Further results to date. The Parks ecological monitoring program is ongoing and now entering the 16th consecutive year for birds, 15th for reptiles and 21 years for the Green and Golden Bell Frog. In 2018-19 the fourth woodland bird survey was completed, a four yearly assessment of the status of woodland birds and vegetation management at Sydney Olympic Park. Fifteen quadrats are surveyed over the spring and autumn seasons to measure bird communities which is then compared to change in vegetation structure. Results show that small birds were strongly, positively correlated with shrub cover, but strongly negatively correlated with tree cover and Noisy Miner (Manorina melanocephala). Since 2006, Sydney Olympic Park Authority has implemented a habitat modification program aimed at increasing the structural diversity and complexity of key areas of the Park to support woodland birds. The program seeks to build connectivity between key woodland bird habitats with the form of habitat enhancement varying depending on site characteristics. The survey shows that this program is successfully creating suitable habitat for this group of birds.
With the prospect of greater demands by the public to access the Park at all hours (see below), Sydney Olympic Park staff have recently collected baseline light level readings from across the Park to inform decision making. Data on lux levels and light source was collected from over 160 sites ranging from car parks to mangrove creeks. The main drive of the survey was to collect information on light spill into sensitive habitat areas where darkness is a key ecological feature. The survey led to a review of lighting and identification of where lights could be switched off or timed to decrease light impacts. The findings will also inform future planning for illumination within the Park.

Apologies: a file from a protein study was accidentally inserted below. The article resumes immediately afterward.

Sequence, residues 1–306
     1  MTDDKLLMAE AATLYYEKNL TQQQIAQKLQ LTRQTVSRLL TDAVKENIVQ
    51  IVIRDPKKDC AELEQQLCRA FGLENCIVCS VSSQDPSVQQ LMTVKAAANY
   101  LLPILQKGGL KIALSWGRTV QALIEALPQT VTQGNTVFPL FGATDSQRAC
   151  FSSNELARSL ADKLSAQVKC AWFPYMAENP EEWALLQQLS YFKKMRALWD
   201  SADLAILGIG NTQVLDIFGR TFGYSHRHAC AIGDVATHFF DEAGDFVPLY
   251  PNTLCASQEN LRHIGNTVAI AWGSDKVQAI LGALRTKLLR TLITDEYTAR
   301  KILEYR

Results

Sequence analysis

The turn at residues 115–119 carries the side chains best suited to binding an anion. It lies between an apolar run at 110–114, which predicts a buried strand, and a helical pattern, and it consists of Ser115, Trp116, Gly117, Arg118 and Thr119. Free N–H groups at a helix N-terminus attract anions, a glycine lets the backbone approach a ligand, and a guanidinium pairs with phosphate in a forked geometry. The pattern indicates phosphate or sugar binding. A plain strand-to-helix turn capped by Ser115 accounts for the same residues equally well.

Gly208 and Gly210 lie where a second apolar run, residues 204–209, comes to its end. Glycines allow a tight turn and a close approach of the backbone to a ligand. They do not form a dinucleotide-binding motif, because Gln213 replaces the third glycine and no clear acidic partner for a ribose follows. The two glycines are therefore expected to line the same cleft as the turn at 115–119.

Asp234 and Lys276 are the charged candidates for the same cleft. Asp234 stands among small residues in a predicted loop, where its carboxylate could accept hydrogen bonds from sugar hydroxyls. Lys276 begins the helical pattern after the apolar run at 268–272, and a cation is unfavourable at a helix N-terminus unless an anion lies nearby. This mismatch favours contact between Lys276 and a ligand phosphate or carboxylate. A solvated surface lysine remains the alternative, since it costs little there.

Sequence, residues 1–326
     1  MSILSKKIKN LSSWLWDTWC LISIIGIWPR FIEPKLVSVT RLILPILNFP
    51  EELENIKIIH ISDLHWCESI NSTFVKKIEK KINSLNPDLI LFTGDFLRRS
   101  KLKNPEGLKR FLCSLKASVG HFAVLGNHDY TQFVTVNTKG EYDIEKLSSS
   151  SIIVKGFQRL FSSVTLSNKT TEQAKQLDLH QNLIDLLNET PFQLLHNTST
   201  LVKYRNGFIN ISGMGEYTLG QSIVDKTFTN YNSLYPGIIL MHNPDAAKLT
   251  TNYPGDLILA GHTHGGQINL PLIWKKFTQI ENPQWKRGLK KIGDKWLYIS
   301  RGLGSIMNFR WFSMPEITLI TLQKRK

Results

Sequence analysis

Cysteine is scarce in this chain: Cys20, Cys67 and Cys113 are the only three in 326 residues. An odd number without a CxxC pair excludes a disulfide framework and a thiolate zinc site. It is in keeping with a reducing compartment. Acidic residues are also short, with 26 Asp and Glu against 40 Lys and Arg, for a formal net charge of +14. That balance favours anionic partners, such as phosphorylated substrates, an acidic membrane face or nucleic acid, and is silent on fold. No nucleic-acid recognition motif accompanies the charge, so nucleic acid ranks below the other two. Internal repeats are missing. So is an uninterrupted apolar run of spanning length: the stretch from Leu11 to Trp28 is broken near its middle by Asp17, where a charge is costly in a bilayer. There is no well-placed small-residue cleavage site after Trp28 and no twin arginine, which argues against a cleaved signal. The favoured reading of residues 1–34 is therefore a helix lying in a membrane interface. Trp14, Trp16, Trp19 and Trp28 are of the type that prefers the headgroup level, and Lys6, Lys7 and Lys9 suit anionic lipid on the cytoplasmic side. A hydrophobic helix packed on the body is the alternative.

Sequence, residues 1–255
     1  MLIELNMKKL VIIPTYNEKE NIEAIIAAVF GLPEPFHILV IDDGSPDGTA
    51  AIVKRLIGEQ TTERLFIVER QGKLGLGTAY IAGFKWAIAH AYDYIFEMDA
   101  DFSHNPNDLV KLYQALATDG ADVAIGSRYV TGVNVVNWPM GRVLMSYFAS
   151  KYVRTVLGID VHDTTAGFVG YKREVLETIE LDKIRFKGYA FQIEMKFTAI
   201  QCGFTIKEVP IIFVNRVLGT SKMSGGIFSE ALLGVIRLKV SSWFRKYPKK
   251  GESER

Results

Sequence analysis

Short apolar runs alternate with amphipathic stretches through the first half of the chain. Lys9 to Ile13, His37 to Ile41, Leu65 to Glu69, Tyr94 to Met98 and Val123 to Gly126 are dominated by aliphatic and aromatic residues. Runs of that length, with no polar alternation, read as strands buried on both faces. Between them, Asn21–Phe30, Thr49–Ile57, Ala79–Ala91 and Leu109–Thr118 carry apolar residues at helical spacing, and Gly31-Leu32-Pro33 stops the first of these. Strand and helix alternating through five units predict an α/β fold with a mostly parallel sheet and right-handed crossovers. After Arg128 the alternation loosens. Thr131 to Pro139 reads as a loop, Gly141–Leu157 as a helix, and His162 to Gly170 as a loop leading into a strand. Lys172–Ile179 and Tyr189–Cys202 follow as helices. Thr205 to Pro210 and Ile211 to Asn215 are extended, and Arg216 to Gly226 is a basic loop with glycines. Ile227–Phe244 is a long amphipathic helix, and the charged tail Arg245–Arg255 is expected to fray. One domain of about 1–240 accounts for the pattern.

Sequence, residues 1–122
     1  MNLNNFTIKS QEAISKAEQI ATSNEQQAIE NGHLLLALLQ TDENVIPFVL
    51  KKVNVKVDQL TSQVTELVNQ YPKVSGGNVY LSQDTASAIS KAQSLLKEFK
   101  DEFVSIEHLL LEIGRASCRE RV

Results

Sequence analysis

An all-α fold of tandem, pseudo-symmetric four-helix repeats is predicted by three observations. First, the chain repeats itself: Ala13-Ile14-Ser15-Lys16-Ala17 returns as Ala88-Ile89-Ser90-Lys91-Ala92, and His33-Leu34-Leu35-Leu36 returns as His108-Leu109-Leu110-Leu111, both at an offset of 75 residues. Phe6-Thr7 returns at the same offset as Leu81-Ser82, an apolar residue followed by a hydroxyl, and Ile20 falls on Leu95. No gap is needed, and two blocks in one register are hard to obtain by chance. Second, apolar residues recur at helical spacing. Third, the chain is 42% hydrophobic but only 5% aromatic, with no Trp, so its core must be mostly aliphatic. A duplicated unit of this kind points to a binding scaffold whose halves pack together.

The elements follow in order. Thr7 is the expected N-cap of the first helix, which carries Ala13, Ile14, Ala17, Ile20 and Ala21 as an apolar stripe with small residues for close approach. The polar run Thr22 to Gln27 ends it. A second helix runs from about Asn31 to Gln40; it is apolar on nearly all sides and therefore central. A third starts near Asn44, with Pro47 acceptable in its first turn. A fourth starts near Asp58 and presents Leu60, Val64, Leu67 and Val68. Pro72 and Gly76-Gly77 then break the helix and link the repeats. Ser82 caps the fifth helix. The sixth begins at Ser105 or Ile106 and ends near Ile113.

Lessons learned and future directions. Sydney Olympic Park is part of a rapidly densifying area with the 30,000 residents currently located within a 3km radius forecast to increase to approximately 100,000 in ten years. Due to the density of housing, Sydney Olympic Park will be/is already the local park for this community, leading to increasing demand for recreation and access to the Parklands. This presents great opportunities for more people to connect with nature and to incorporate community education and sustainability into Park programs. A new program known as Park Care has been launched recently and currently rolls out community clean up and revegetation activities.
The flipside of this rapid population increase is increasing risk of disturbance to ecologically sensitive areas which needs to be considered and mitigated carefully as the Park continues to evolve. Ensuring the Park is able to sustainably meet this demand is a focus for management now and into the future. New habitat management plans for ecologically sensitive areas of the Park are being developed to better-guide biodiversity conservation on a precinct level. Ongoing ecological management works, and managing the impacts of human disturbance, will be essential to conserving the ecological values of the Park.
Contact. Jennifer O’Meara, Parklands Ecologist, Sydney Olympic Park Authority, 5 Olympic Boulevard, Sydney Olympic Park 2127 NSW, Australia. Email: Jenny.email@example.com